by Chance Chamberlain
Snap Reactions is a column where two new albums and one classic album will be reviewed briefly after just one listen through. This provides instant thoughts and feelings that are often lost with multiple listens of an album. This week’s releases are Earl Sweatshirt’s FEET OF CLAY and Westside Gunn’s Hitler Wears Hermes 7. The classic album of the week is Nas’s Illmatic.
Earl Sweatshirt – FEET OF CLAY
“FEET OF CLAY” came as a surprise to everybody. It came with only a day of notice from an artist who usually waits two to three years between major releases. Earl Sweatshirt’s previous project, “Some Rap Songs,” came in late 2018, so the quick turnaround had fans excited. “FEET OF CLAY” builds upon the sound Sweatshirt established for himself on his last record. Muffled flows spout from Earl’s mouth over unorthodox production loops and obscure samples. “FEET OF CLAY” is short and to the point, cementing Earl Sweatshirt as a front-runner of experimental rap.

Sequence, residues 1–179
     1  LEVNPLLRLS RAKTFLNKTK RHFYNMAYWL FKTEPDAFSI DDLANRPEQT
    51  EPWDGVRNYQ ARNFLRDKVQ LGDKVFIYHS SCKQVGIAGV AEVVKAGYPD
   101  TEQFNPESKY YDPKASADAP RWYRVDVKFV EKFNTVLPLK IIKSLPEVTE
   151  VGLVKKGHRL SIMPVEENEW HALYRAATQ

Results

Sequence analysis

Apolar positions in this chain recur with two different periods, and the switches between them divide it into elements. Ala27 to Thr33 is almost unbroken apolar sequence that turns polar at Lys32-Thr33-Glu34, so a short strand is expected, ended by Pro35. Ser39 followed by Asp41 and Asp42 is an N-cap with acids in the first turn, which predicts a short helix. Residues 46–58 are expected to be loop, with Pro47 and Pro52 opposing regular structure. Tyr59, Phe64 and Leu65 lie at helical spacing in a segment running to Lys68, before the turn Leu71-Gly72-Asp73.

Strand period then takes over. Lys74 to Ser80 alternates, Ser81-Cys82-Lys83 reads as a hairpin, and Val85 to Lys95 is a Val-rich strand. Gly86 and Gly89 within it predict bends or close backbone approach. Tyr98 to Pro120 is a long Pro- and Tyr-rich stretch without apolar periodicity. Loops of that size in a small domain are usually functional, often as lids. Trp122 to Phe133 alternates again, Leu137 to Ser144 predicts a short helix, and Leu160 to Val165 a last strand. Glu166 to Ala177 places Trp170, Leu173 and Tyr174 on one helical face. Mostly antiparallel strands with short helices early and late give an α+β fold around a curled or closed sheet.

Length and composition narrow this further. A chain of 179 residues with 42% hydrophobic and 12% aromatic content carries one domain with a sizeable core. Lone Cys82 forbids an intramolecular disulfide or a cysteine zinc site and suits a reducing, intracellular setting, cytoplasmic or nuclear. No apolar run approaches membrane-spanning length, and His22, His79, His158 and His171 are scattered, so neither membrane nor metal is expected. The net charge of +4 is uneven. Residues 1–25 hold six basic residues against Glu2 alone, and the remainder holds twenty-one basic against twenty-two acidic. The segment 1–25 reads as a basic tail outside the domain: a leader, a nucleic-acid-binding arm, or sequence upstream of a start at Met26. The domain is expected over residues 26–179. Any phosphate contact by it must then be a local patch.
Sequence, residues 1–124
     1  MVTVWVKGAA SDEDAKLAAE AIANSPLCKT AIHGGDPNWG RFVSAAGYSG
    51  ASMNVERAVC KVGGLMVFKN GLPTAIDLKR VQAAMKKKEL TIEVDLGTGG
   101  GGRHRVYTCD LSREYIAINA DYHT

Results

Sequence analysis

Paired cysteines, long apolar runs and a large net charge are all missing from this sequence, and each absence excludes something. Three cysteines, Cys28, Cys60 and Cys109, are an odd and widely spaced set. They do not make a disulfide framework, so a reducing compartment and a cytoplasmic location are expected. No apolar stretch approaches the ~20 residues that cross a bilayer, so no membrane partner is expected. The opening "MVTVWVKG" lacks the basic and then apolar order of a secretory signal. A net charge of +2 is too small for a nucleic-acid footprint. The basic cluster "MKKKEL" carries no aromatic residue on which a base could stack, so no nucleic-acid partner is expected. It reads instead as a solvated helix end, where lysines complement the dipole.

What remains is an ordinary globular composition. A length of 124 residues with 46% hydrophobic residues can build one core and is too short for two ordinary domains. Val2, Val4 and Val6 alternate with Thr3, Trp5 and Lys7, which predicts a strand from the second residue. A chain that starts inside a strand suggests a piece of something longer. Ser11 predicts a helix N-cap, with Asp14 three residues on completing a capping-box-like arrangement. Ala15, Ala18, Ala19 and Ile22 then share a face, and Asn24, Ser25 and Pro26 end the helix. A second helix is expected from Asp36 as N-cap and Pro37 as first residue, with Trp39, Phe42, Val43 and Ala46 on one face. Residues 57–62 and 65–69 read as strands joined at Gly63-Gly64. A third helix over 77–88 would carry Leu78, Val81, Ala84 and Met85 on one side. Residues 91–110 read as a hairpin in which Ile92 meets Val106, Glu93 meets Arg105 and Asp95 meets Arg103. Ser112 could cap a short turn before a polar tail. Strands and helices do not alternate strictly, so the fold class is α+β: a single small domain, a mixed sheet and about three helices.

Westside Gunn – Hitler Wears Hermes 7
Westside Gunn released his second solo project of the year with “Hitler Wears Hermes 7”. Gunn flows effortlessly over elegant boom-bap production. “Hitler Wears Hermes 7” sticks to the blueprints; Gunn continues to boast about drugs, violence, money and himself, much like previous releases. It isn’t necessarily a bad thing as it works for the Flygod. His sound is set in stone at this point and any straying from the path would startle longtime listeners. “Hitler Wears Hermes 7” delivers the message with little clutter and gets the job done.
Nas – Illmatic
Nas released “Illmatic” in 1994, and it’s been regarded as a staple in the rap genre since. Nas paints a picture of urban life in New York City that had yet to be displayed. He raps effortlessly over some of the most classic hip-hop beats of all time, helping establish the New York hip-hop sound. Nas’ words are poetic as he describes the hardships of living in the urban jungle. His rhymes about drugs, violence and the hustle to make a dollar in an unforgiving city are held in conversation with some of the greatest songwriting in music history. Nas gave a voice to the voiceless and raised the bar for all emcees clawing their way out of the Big Apple.